Anyway, that’s my view.

    —Santi

  9. Teague Tubach says:

    But if you are agnostic about it, then why even fret over the questions? I mean, there are far more interesting things to talk and think about. Like my blog 😉
    Kidding. Thanks for the comments.
    T.

  10. Pingback: The Fundamental Question | Uncommon Descent

  11. Jeffrey Shallit says:

    It seems like an exceedingly poor analogy to me (not to mention the silly rhetoric like “fact! fact! fact!”).

    Scientists study “intelligent agents” all the time; such scientists are called “archaeologists” and “anthropologists”. But for these scientists, about the most uninteresting thing one can say about an artifact is “this was designed”; what they are interested in is who designed it, when, what they did with it, and why they made it, and how it fits into the larger understanding of their culture. I don’t hear any of these scientists insisting that artifacts were not designed, but neither do I hear them saying “this was designed” and expecting that people consider that a profound observation.

    There is a big difference between assigning causation to a human being, who we know exists or could have existed to make an artifact, and assigning causation to some unknown “intelligent agent” whose motives are unknowable, who acted at an unknown time, using unknown techniques, for purposes unknown. The differences lie in things like falsifiability and fecundity.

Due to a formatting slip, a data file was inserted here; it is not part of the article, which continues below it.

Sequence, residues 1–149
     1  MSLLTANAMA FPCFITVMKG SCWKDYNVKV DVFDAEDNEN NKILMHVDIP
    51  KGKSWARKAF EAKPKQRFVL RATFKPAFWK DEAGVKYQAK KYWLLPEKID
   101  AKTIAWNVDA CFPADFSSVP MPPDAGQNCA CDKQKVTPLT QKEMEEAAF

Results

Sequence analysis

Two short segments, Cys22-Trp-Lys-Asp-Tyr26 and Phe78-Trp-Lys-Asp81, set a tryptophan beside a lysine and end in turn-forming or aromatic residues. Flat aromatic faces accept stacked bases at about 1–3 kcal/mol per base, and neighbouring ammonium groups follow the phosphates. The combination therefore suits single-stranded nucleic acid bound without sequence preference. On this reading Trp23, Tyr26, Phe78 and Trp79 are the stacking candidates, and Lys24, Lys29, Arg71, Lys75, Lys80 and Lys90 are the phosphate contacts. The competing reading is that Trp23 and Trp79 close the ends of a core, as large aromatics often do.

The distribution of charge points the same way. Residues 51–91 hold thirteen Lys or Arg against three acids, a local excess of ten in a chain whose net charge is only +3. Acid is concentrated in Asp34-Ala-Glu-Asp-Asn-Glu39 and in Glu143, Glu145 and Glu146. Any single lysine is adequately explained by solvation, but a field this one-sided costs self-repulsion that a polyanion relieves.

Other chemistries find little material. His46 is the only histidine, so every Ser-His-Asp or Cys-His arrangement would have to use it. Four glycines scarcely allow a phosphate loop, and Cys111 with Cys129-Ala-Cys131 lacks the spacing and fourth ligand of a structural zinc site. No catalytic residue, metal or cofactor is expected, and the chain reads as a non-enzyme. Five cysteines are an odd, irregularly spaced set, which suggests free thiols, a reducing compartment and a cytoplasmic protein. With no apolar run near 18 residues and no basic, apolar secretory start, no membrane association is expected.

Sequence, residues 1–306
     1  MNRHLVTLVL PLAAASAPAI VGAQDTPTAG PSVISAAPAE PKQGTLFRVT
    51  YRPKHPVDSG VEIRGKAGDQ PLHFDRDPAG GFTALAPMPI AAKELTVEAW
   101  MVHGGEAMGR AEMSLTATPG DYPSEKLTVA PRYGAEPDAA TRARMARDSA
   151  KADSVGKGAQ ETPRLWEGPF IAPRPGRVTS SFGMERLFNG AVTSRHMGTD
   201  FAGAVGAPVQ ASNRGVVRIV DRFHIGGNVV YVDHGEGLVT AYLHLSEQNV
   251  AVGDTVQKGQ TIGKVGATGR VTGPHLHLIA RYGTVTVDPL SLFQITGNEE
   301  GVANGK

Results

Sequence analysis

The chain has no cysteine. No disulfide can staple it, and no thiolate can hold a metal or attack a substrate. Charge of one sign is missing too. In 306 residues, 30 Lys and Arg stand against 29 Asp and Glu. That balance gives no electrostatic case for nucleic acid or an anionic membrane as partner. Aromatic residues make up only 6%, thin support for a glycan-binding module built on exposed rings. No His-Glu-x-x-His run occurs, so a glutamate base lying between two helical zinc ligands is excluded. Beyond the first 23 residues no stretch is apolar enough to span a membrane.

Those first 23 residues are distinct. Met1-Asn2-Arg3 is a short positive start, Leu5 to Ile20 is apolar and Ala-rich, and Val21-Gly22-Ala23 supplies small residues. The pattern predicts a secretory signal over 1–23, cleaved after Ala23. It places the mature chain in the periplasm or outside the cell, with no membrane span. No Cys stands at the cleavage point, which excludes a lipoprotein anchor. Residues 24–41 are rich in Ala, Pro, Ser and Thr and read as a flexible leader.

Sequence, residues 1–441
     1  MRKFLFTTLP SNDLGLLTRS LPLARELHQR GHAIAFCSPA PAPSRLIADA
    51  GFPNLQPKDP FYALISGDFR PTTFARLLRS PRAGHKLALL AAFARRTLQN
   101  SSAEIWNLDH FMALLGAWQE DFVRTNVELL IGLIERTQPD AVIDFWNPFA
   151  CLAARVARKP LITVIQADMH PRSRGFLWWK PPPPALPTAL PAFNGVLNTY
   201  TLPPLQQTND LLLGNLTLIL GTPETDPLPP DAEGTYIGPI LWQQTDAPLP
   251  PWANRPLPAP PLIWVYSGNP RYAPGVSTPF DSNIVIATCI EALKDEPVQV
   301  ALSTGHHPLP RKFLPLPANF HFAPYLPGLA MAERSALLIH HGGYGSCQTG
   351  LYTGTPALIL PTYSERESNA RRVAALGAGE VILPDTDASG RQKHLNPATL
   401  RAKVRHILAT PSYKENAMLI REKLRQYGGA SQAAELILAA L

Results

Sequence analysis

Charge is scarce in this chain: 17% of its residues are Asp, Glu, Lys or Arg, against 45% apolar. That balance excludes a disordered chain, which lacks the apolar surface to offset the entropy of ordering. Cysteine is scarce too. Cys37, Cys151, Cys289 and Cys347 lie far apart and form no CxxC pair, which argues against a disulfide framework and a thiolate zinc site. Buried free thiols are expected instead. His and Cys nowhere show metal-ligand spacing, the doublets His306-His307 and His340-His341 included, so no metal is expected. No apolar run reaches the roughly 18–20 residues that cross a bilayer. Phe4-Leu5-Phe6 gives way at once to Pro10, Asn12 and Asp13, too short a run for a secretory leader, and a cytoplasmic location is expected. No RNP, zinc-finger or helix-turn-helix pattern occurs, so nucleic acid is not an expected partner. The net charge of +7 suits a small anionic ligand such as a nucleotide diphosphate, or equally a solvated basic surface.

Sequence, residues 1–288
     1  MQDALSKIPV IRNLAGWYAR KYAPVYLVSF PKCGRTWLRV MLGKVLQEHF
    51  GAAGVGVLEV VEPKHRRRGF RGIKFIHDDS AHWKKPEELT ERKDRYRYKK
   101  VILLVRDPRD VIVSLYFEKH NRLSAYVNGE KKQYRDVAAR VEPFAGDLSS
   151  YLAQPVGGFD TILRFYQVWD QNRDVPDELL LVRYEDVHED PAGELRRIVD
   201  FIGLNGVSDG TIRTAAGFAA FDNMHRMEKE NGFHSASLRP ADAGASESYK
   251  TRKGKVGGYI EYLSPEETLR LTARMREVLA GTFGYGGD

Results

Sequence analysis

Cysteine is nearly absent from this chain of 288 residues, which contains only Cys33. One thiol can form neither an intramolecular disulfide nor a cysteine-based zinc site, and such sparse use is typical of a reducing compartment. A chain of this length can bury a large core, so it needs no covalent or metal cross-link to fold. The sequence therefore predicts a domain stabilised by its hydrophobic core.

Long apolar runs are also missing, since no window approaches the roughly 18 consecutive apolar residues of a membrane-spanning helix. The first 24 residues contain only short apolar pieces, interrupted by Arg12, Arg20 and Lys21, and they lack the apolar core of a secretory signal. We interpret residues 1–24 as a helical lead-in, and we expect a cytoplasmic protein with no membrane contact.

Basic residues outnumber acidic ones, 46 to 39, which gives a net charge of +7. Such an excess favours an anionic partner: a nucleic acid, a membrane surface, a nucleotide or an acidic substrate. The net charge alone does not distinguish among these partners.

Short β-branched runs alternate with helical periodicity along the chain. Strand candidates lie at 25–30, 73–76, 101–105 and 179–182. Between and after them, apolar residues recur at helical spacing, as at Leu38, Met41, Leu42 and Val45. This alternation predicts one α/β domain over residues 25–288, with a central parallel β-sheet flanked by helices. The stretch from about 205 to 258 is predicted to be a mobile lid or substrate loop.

12. Jeffrey –

    Another form of science studies the action of intelligent agents – computer science. And that science is almost completely devoid of any reference to when or how design takes place. What it does is examine the *formal* relationships between components in a system. This is what ID does. It, first, establishes that the relationships in a system are primarily formal, not historical, or at least have a formal component, and then it examines the formal relationships between parts.

    IC, for instance, is an attempt to identify holistic entities whose parts exist in a formal relationship.

    • santitafarella says:

      Jonathan:

      Your “formal, not historical” formulation is intriguing. What then is your take on historical contingency in the universe—for it seems everywhere (if the earth hadn’t been hit by a planetoid four billion years ago, for example, our planet wouldn’t have a moon). Is the universe suffused with only the appearance of contingency, but with purpose underlying it? Or is the universe a combination of ahistorical design elements and historically contingent elements?